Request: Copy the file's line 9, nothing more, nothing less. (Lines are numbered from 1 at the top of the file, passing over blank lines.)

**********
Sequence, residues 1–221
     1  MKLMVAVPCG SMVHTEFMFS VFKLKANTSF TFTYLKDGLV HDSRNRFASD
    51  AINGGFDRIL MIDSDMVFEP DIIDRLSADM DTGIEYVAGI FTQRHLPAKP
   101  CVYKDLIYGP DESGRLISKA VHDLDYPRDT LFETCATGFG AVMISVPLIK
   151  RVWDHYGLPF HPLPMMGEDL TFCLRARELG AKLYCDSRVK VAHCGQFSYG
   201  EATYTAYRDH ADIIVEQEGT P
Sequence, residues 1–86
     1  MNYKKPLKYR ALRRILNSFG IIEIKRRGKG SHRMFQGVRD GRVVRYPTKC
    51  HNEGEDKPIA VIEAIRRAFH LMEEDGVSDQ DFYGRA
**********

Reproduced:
    51  HNEGEDKPIA VIEAIRRAFH LMEEDGVSDQ DFYGRA